Senate Panel to Vote on Interior Nominee This Week

Referring to herself as both a "conservationist and a conservative," Interior Secretary nominee Gale Norton walked a tightrope last week in an effort to persuade her Senate Republican and Democratic inquisitors that, despite the heated controversy surrounding her nomination, she is the best choice for the job.

Republicans on the Senate Energy and Natural Resources didn't require much convincing, but several Democrats were concerned about Norton's apparent history of promoting individual and business interests over those of the environment, and questioned whether she would uphold existing laws of the Department of Interior. Her professed support for opening the Arctic National Wildlife Refuge (ANWR) to oil and gas exploration and production activity also raised some red flags.

At the end of the hearing, which spanned two days, the Democratic members appeared satisfied with Norton's answers, a committee spokeswoman said, adding that she didn't expect any opposition to her nomination when the committee votes on it early this week. There could be some opposition, however, when the nomination goes to the Senate floor this week.

Responding to Democrat critics, Norton said she saw her job as secretary as an opportunity for "bipartisan environmental cooperation and leadership," and assured the senators that Interior's existing laws would be "fully enforced." However, she noted, "at this point, I am not sure where we need to depart from [the] past administration" policies. Norton conceded the process used by the Clinton administration to recently designate 19 park areas as national monuments, which places them off-limits to any development, "causes me concern."

Sen. Frank Murkowski of Alaska, the senior Republican on the panel, was by far her biggest supporter. That's because, in Norton, he finally will get someone in the Interior Department who has promised to work with Congress if it should move to open up ANWR to environmentally responsible exploration and production activity.

While Norton has been strongly criticized for her views on ANWR, Murkowski noted that few realize that neither "you [Norton] nor the president has the authority to open up this area." That authority rests with Congress, he said.

"I view the role of the Department of Interior as helping provide the information to this Congress so that you can make an informed decision" about whether or not to open the refuge to oil and gas drilling, she said.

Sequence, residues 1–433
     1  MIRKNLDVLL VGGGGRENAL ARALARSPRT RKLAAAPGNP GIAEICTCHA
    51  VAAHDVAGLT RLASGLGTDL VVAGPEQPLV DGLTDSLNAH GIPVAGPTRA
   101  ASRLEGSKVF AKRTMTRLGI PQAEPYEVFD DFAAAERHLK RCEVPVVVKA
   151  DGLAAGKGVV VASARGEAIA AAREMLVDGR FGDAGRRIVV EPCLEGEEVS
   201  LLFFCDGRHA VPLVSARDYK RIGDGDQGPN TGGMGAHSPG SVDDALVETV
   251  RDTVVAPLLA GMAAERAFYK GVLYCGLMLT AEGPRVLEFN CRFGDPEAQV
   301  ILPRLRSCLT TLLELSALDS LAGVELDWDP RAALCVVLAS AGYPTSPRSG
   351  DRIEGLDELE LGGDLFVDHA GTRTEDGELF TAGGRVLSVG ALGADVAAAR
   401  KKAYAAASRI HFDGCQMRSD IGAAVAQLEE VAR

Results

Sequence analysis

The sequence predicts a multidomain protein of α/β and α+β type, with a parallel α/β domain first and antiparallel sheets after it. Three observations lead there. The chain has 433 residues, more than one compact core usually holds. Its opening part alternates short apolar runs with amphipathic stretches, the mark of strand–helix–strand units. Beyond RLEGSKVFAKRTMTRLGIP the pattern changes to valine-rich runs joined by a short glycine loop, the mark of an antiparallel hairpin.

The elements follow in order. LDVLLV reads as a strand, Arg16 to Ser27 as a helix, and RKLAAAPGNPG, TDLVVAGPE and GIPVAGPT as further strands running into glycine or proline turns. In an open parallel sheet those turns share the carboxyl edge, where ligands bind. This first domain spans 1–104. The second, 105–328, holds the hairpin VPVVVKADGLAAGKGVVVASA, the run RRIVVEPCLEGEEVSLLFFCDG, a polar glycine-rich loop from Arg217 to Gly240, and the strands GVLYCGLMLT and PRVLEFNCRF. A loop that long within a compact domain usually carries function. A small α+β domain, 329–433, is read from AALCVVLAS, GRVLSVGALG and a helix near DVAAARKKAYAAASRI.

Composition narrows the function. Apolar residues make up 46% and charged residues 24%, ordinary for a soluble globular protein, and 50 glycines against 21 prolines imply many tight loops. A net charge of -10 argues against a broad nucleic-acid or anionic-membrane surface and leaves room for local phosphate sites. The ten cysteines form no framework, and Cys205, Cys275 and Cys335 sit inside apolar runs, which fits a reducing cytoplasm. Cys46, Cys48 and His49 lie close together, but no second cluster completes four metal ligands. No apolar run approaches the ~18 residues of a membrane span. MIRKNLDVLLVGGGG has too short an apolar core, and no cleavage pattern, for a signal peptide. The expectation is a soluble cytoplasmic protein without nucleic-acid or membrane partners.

If Congress should open up ANWR, "I will certainly follow any laws that are passed to be sure of the important resources of the Arctic National Wildlife Refuge are preserved at the same time that any exploration and production would take place."

Murkowski further quizzed Norton, a former attorney general for Colorado, about whether she would help to expedite permitting for the construction of a natural gas pipeline from Alaska to the lower 48 states. "I'm aware of the important need for natural gas not just because our economy is expanding.but also because natural gas is seen as one of the ways of having the cleanest supply of energy. I will look forward to working with you to learn more about" the pipeline project, she said.

The Republican senators and others did their best last Thursday to defuse the controversy plaguing her nomination by painting the environmentalists who opposed her as "extremists." Greenpeace, for example, in a show of opposition to Norton's nomination, last week draped a large banner across the entrance of the Interior building that read: "Our Land, Not Oil Land."

Although her nomination has been "tarred with innuendo and brushed with misinterpretation," Murkowski called her an "outstanding" choice to oversee the Department of Interior. Norton's primary job will be to achieve some "balance" between the interests of the environment and industry, which Murkowski contends is "dramatically out of proportion" at this point. He believes this imbalance is largely responsible for the current crisis in California, "where the lights are out."

Norton, who would be the first woman to head up Interior, agreed. "The idea that people in California this very day are facing serious shortages of energy is another great cause of concern. We'll have to pull together all of our resources and work across departmental lines to find ways of addressing those...issues," she said.

Susan Parker

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